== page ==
You can access the inner middle bolt through the engine bay, and the outer three bolts can be accessed by going under the bumper.
Use a socket to install the first bolt on both sides. Once you have the first bolt installed on either side, proceed with installing the other three bolts. If you have trouble feeding the bolts in, lift the bumper a bit more so the holes align better.
12. Make Final Adjustments
Now it’s time to make some adjustments to make sure your bumper is evenly positioned. With the bolts loosely installed, take a step back and check the bumper’s alignment and adjust accordingly.
13. Install Bumper Cover Mounts (optional)
The bumper cover mounts prevent it from flapping around.
Important: The mounts are side-specific, with the lips pointing up and facing the front of the truck.
Before installing the mounts, make sure that they are over the top of the bumper cover so they can be secured properly. There will be three 10mm bolts that need to be attached. The two bolts on the sides will attach to the Cali Raised LED bumper and the other one will attach to the bumper cover.
If you have a viper cut, you can skip this step because there will be nothing you can attach to the mount.
Wire Your Accessories (optional)
If you are installing any accessories with your bumper, now is the time to wire them up. Depending on what you are installing, follow the instructions provided with the accessories to get them set up properly.
The final step is to reinstall the plastic radiator cover. Replace all 13 plastic clips to secure the cover.
Initially, I’ll admit that it took me some time to adjust to the idea of adding a bumper to my build. I always had a vision of a minimalist setup, with only the necessary modifications installed. I even considered skipping the bumper altogether, despite frequently hitting the trails with others who already had bumpers, winches, and other recovery gear.
At the time, I felt that my personal recovery kit was enough to suffice for what I was doing. Eventually, I came around to the idea of having a front bumper and realized its various benefits.
Once I had the bumper installed, I did a complete 180. I found that it was a fantastic upgrade to my build, both functionally and aesthetically. Not only did the bumper provide me with everything I needed to tackle challenging off-road terrain, but it also added a sleek and stylish look that complemented the black-and-white theme of my truck.
All in all, I came to appreciate the practicality and visual appeal of the bumper, making it a valuable addition to my off-roading setup.
Since the installation of the Cali Raised LED Stealth Bumper, I have only been out off-roading once. While I have yet to put the winch into action, the bumper looks and holds up great.
What is so great about this low-profile bumper is the fact that it gives the 4Runner an OEM+ look while providing extra protection to the front end. The bumper sits much closer to the ground than stock bumpers, providing better clearance and protection for the vehicle’s undercarriage.
Now it’s time to take the 4Runner rock crawling and see how it holds up there!
As an owner of a 4Runner, like many others, I was initially concerned about the potential impact on my vehicle’s fuel efficiency when I installed the bumper.
Given that it adds some weight on its own, and that I had added a winch and light bar, I ended up adding around 150 pounds to the front end of my vehicle, I was apprehensive about potential negative effects on my MPG and overall driving experience, especially since I hadn’t installed a new suspension system.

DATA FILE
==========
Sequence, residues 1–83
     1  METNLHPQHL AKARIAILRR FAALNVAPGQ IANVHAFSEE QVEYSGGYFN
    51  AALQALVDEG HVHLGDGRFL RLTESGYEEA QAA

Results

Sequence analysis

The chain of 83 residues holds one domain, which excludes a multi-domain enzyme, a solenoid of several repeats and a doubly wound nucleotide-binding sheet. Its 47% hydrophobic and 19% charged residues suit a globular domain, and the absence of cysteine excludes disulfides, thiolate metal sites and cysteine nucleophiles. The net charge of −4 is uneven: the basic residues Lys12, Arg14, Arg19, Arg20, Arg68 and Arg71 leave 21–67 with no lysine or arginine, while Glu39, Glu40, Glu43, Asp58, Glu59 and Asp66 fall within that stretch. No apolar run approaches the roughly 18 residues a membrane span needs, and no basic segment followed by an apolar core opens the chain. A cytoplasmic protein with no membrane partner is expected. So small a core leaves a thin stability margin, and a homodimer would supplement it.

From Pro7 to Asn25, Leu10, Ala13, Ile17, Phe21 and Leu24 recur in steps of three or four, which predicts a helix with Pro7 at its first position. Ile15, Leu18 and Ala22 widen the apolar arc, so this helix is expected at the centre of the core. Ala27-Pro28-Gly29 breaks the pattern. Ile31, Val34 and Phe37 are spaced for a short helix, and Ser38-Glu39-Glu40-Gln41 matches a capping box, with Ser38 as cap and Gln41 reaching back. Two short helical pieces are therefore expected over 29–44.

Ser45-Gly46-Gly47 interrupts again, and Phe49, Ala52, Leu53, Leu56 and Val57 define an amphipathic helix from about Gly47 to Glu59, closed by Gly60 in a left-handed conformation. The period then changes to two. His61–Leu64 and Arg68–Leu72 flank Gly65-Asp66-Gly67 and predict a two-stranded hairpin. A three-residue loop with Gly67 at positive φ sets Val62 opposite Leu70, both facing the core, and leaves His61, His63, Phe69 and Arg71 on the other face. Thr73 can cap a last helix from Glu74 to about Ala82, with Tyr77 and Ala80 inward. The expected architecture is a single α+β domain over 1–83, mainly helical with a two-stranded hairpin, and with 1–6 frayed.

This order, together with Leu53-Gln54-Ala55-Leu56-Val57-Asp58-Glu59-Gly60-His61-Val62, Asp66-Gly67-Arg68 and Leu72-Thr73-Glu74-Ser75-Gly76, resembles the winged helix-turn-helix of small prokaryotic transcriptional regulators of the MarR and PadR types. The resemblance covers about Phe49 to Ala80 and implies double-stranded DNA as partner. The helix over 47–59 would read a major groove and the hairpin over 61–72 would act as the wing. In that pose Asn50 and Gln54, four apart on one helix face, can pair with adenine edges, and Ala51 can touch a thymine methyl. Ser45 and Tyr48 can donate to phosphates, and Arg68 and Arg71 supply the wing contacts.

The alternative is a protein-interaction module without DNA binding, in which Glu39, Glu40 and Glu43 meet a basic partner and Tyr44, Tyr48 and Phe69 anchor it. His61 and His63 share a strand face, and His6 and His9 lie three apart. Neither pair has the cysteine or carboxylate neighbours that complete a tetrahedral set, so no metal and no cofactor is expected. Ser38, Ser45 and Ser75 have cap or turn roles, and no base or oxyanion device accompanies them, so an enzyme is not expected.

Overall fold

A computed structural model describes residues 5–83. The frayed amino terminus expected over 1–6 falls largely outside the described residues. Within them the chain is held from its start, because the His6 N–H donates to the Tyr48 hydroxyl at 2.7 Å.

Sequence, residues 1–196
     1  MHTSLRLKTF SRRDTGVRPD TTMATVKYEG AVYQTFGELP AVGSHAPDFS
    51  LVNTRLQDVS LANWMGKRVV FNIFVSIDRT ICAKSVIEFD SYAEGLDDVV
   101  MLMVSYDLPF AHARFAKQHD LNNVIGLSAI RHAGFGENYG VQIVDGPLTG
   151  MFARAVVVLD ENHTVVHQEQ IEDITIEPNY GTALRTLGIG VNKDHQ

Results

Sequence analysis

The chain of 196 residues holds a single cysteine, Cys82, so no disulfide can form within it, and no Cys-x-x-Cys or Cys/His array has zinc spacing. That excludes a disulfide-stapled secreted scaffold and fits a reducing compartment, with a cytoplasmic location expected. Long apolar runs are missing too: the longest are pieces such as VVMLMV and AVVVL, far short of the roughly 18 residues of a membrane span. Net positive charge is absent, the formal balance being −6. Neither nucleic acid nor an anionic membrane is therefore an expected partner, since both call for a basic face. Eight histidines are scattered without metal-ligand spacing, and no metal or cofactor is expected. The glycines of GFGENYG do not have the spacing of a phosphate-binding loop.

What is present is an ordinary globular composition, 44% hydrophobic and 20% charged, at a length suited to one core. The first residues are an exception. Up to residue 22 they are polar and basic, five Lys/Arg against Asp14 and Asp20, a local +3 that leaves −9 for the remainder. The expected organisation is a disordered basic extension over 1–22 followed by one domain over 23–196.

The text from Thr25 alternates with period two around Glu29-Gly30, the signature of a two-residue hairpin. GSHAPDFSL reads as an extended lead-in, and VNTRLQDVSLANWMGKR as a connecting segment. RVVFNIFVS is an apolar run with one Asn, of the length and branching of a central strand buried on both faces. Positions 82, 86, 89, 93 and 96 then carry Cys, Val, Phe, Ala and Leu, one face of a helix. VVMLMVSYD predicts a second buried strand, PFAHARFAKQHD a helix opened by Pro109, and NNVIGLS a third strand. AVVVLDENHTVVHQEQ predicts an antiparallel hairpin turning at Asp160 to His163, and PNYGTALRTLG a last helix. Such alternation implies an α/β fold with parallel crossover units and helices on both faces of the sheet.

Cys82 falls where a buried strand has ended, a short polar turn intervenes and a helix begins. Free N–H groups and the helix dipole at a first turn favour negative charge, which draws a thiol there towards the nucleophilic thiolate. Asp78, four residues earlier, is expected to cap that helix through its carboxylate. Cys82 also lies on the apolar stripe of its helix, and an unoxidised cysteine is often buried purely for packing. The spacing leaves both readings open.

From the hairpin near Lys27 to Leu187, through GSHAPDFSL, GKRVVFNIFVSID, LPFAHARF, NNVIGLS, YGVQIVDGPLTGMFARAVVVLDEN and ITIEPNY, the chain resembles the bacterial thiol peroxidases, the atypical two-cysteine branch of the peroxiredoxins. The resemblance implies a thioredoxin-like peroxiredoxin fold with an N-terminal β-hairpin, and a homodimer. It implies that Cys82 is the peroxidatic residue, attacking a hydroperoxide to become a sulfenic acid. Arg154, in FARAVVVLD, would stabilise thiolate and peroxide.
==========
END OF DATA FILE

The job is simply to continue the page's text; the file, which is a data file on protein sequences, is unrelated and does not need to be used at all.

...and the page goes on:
However, after driving with the bumper for about two weeks, primarily on-road, I have not observed any significant difference in my fuel efficiency. My MPG still falls within the same range of 13-15 in the city as it did prior to the installation. Additionally, to my pleasant surprise, there hasn’t been a noticeable impact on the acceleration or handling of my truck.
Overall, I am glad to report that the performance of the bumper has met my expectations and has not posed any significant issues to my driving experience.
Light Bar & Winch Setup
The Cali Raised bumper comes with space for a 32″ light bar and a winch of your choosing. I opted for the Diode Dynamics Stage Series 30″ Amber Light Bar (with the brackets attached, it is 32″) and the Ironman 4×4 Monster Winch 12K LBS 12V Electric with Synthetic Rope.
You can choose whichever light bar and winch setup you would like; however, I chose these due to personal preference. All of my exterior lighting is from Diode Dynamics, so I knew I had to get a matching lightbar. In my opinion, they are a great lighting company and their products are well made and modern-looking, which I appreciate.
I decided to go with the Ironman 4×4 winch over other bigger-name brands for a few reasons. The most important being the 5-year warranty. Many other winches had between 90 days – 2 years worth of warranty. I knew that if there was something that went wrong with the winch, I could always reach back out to Ironman 4×4.
Another big factor for me was that it was rated at 12K lbs, it had wireless (usable up to 100 ft away) and wired remote connection, and it had a synthetic rope, which is safer and more lightweight than steel cables. Another selling factor is the motor is wrapped in a watertight housing, which is very important for me considering I live in the rainiest city in the world.
Cali Raised has made it super easy to access my winch with the additional cutouts. Not only can I easily wire up my remote if needed, but I can also loosen the winch line by reaching in and turning the knob. There’s no need to pop the hood and access everything!
When I first got my 4Runner and began modifying it, I had zero intention of installing anything remotely close to a bumper, let alone an actual bumper. As I began to off-road more frequently, I quickly realized that they serve a very beneficial purpose: protecting your car and, of course, proper front recovery points and more.
This bumper accomplishes these things perfectly. And with the addition of the light bar, I have better visibility in inclement weather.
I’m super impressed with the bumper, and while the installation looked pretty daunting at first, it proved to be pretty simple.